Forget everything you think you know about the founding fathers.
Based on the best-selling book by Pulitzer Prize winning author David McCullough, John Adams tells the story of the second president of the United States of America. I must admit that before I saw this historic 7 part HBO mini-series I knew little about Adams; the incredible man with a gift for speech and a deeply passionate duty to his country. History books tell of an era filled with vibrant characters like Benjamin Franklin, George Washington, and Thomas Jefferson, but the often overlooked Adams also played a very key role in the birth of a nation.
The film begins when Adams (portrayed by Paul Giamatti), a prominent Massachusetts lawyer, is asked to defend British soldiers accused of murder (the infamous "shot heard round the world" trial). Adams is a reluctant hero, carefully avoiding political issues that might embroil him in a revolution, but it is soon apparent even to him, that he must decide where his loyalties lie. Thus begins the drafting of a constitution (which Adams had a strong hand in creating), as well as a war, and his personal role as American Ambassador to France and England. Don't forget to watch for great supporting performances by Tom Wilkinson (Benjamin Franklin) as well as the superbly outstanding Stephen Dillane (Thomas Jefferson).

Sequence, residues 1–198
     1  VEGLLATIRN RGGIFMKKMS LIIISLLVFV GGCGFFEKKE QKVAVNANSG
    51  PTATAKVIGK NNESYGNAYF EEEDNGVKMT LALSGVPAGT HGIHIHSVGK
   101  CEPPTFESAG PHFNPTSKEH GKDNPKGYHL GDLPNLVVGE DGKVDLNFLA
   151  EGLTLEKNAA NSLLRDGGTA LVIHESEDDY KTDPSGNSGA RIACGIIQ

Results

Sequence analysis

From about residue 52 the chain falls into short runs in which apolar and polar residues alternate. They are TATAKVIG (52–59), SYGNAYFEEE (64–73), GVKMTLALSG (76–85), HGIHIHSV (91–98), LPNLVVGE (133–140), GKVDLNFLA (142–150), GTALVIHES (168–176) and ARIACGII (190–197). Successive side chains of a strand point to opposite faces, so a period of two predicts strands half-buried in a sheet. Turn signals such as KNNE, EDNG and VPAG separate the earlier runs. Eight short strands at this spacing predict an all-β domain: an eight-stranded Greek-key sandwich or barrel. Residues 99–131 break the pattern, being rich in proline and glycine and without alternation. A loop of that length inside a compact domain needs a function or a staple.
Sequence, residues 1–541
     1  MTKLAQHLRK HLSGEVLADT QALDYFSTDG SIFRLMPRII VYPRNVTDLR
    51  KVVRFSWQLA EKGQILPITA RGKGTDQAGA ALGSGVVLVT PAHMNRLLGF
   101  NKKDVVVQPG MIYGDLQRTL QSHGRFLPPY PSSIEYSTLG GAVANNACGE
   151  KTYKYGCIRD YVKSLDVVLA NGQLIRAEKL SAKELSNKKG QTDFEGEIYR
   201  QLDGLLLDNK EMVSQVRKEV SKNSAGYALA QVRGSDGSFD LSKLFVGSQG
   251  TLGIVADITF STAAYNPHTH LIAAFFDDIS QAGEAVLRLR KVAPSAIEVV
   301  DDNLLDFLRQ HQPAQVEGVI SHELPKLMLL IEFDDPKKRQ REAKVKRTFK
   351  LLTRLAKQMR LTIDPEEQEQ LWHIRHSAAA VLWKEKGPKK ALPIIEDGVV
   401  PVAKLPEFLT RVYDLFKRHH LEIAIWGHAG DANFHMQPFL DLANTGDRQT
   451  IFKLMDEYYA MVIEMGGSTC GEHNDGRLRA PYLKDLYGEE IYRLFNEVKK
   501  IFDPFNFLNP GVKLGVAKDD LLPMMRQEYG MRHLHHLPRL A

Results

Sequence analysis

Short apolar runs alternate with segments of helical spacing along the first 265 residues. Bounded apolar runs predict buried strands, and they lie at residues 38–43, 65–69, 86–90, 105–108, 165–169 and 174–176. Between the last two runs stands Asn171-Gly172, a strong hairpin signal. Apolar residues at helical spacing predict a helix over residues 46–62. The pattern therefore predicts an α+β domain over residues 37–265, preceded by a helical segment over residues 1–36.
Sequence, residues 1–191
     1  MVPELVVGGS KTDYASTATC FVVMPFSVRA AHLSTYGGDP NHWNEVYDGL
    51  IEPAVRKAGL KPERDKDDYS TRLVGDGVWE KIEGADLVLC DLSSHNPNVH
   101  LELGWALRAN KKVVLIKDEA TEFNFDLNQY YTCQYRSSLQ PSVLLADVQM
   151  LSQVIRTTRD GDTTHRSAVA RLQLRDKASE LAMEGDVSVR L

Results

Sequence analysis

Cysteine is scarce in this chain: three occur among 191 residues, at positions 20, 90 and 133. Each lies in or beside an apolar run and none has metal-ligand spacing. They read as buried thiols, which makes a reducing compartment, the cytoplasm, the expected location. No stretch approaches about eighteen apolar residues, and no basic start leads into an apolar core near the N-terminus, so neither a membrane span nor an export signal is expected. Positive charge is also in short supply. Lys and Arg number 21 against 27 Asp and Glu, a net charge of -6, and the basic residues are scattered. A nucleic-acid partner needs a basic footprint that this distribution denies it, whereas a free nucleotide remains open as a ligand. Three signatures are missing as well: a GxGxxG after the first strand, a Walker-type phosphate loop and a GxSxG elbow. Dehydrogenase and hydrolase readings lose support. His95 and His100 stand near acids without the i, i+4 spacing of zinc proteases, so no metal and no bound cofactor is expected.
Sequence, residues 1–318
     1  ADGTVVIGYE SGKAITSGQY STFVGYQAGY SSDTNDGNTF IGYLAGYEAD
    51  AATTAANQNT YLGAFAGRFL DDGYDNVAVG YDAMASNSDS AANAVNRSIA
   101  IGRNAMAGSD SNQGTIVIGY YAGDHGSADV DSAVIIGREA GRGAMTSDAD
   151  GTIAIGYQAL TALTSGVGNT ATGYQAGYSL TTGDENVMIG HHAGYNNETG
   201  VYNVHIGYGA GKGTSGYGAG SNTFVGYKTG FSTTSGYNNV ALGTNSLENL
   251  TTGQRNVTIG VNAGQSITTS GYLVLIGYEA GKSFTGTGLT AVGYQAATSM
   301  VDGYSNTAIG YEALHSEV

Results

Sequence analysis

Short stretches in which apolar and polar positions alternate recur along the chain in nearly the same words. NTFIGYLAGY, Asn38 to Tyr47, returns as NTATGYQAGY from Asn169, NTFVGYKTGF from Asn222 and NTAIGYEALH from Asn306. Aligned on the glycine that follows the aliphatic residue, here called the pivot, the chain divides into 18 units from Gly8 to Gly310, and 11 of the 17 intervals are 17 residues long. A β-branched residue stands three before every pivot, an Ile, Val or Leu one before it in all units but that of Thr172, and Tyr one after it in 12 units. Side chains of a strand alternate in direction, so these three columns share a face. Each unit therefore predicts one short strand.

By Adams' side throughout the turmoil of independence and beyond, is his wife Abigail (played by Laura Linney). Thoughtful, beautiful, intelligent, and clearly the voice of reason to her sometimes volatile husband, Abigail is the perfect sounding-board for John. She stands by his side, even as she deals with her own trials of sickness, farm work, and a long separation. The relationship between husband and wife is wonderful to watch, especially as they only seem to grow closer through their mutual hardships and joys. Produced by Tom Hanks and Gary Goetzman (Band of Brothers), John Adams is a rich and compelling look at the life of a man who believed in an idea larger than himself. (A word of caution about the film. There are a few scenes of violence and nudity which may offend some viewers. One brutal scene of a tarring and feathering, as well as a non-anaesthetized surgery are especially hard to watch). However, I hope that won't deter you from seeing this wonderful film about an important, and sometimes overlooked chapter in history. Happy viewing!